08-10-12: AudiozenAs I said previously, I don't doubt that the Magtech is an excellent amp. I also don't question the possibility that the approach to voltage regulation used in that design may be a significant contributor to its high efficiency and cool temperatures.
I dare you to name any other class A/B amp on the market that does not have oveload clipping shut down circuits in the same price range as the Sanders Magtech.
08-10-12: AudiozenThis statement is, to use your word, baloney. I say that as someone with multiple decades of experience designing advanced analog and digital circuits (not for audio), and having multiple degrees in electrical engineering.
BALONEY..what a load of crap. Voltage fluxuation results in a volume of wasted current that decreases the available current to watts to the output since the voltage is unstable. The wasted fluxuating current holds up in the amp due to unstable voltage regulation which results in a higher volume of heat heat due to current delay in the amp. By stablizing the current with a linear regulator eliminates voltage fluxuation and there is no wasted or delayed current in the amp which results in lower heat since the total voltage is completely stable going to the output resulting in a cooler running amp.
From the Magtech's description:
Audiophiles would not consider using a source component that did not have regulated power supplies. So why use amplifiers with unregulated supplies?What this statement is saying is NOT that voltage fluctuation due to lack of regulation causes other amplifiers to run hot. What it is saying is that voltage regulation is not provided in most other amplifiers because if it were, the regulator itself would cause the amplifier to run excessively hot, especially in the case of a conventional linear regulator (as I indicated in my previous post). Apparently you have misinterpreted this.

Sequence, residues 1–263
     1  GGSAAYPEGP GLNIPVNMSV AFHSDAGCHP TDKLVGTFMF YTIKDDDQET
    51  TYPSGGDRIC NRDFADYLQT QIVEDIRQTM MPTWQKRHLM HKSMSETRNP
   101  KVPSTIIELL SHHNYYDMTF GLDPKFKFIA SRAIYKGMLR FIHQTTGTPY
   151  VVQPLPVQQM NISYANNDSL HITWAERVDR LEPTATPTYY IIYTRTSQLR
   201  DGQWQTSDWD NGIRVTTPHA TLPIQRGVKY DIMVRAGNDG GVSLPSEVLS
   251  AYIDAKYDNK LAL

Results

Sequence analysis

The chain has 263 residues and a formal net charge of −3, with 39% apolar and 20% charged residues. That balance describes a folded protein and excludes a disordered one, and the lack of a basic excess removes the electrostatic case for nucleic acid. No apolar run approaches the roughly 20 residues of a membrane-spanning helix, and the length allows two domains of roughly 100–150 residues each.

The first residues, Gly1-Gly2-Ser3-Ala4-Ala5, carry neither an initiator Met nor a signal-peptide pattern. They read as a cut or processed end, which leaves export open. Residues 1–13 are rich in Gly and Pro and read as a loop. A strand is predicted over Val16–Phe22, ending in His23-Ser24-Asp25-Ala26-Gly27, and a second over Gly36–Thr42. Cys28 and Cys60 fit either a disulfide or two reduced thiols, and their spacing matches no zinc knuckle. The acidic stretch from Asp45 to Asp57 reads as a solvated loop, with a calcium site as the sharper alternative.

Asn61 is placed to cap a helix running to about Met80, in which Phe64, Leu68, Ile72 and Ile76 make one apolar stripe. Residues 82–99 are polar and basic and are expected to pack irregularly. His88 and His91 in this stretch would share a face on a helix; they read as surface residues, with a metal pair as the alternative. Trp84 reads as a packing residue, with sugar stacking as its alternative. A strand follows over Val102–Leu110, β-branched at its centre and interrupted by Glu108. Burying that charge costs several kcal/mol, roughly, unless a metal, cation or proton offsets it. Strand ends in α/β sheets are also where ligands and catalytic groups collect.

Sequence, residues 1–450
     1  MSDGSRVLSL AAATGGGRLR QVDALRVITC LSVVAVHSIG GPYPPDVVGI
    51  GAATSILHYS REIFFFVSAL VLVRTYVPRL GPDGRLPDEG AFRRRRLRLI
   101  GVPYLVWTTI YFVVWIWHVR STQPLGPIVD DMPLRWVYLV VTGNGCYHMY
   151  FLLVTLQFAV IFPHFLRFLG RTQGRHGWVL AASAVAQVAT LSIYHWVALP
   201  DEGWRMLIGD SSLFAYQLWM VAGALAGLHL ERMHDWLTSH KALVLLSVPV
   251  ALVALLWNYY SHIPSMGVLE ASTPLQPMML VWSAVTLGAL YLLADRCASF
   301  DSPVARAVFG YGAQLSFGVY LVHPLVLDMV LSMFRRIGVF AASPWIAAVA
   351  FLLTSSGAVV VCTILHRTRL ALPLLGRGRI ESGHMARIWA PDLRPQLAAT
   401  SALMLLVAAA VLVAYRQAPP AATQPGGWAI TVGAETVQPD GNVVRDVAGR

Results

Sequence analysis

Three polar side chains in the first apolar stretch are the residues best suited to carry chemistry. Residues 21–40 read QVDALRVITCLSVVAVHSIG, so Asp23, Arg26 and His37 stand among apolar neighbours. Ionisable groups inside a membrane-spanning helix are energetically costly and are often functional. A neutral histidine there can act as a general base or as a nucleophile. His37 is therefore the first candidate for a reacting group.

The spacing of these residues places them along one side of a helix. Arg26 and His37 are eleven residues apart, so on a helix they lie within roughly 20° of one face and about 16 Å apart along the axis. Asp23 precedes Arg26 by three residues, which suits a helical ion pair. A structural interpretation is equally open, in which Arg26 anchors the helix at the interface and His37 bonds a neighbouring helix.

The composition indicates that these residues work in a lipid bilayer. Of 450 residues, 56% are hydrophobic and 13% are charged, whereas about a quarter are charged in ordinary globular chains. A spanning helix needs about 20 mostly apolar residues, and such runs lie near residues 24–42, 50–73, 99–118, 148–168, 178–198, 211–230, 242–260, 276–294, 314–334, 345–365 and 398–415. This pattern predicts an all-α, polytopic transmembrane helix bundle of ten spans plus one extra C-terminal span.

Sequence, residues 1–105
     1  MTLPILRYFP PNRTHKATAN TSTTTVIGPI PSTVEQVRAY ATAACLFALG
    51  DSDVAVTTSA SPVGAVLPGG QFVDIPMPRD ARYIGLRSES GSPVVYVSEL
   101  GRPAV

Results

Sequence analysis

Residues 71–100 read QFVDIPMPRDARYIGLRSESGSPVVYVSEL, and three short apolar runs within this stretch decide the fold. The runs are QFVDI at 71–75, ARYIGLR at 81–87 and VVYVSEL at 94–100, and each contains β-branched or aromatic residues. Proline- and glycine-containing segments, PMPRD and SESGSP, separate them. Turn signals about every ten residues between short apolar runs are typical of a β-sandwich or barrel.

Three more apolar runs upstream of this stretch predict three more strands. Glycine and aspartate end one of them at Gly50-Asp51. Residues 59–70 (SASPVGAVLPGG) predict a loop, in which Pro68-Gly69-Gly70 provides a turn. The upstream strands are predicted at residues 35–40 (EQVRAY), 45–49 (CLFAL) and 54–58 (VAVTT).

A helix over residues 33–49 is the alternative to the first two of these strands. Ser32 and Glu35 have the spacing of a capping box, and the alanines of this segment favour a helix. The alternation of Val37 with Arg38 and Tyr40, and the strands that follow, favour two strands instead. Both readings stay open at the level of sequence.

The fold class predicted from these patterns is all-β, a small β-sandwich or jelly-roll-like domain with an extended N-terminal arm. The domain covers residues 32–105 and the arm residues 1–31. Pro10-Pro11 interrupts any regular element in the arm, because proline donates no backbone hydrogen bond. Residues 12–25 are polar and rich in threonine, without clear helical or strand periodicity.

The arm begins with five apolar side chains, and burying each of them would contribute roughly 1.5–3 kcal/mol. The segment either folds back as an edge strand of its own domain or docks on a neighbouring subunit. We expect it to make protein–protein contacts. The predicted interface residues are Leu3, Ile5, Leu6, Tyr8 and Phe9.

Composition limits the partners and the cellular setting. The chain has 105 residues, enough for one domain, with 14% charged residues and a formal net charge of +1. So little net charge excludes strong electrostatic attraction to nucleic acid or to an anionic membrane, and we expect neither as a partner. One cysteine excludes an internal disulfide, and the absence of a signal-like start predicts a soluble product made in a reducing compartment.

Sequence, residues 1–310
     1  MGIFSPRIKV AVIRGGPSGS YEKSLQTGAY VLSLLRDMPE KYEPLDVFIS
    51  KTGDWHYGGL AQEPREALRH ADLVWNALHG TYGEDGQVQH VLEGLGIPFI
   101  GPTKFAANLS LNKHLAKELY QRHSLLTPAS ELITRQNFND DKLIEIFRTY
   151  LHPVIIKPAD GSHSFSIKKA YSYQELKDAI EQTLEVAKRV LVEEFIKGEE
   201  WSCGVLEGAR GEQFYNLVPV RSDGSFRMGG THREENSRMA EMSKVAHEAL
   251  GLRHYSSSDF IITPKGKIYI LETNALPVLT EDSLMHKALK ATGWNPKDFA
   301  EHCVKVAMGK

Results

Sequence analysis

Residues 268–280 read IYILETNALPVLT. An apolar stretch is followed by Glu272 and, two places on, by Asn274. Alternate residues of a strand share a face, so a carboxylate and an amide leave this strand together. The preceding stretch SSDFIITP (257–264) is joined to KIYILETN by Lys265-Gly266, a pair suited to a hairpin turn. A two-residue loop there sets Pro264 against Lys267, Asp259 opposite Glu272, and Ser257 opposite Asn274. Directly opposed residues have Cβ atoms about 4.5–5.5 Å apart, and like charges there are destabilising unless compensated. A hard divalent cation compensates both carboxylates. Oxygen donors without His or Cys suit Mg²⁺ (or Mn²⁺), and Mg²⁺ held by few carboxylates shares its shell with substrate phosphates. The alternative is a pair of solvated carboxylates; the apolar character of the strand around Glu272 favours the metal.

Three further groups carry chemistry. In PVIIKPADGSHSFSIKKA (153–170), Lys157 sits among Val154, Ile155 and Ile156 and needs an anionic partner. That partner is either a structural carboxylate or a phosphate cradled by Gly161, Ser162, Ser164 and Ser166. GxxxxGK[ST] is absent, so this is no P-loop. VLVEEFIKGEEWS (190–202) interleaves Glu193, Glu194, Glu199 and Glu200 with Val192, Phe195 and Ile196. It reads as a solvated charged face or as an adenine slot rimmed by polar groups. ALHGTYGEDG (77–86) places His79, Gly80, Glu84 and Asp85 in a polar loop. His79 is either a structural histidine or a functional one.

The main problem is heat. Amplifiers operate at much higher voltages and currents than line level source components. These higher voltages and currents forces conventional regulator designs to waste large amounts of energy, which wastes expensive electricity and causes the amplifier to get very hot.
Also, many regulator designs radiate RF (Radio Frequency) energy when switching high currents and voltages. This RF gets into the amplifier's electronics and can cause instability, oscillation, and noise. As a result of these problems, modern power amplifiers do not use regulated power supplies and fail to take advantage of the benefits available from doing so.
Sanders has solved these problems by developing a voltage regulator that is essentially 100% efficient. There is no heat dissipated by the regulator system. There is no high-power/high-voltage switching that causes heat generation or RF problems.
The regulator in the Magtech amplifier maintains a stable voltage regardless of load or reasonable changes in the line voltage feeding the amplifier. It runs stone cold, produces zero RF energy, and is simple and reliable.
Based on your tone, I suspect that further discussion of the matter would not be constructive, so you can have the last word. Others reading this thread can (and will) reach their own conclusions as to which viewpoint to believe.
BTW, it is "fluctuation," not "fluxuation."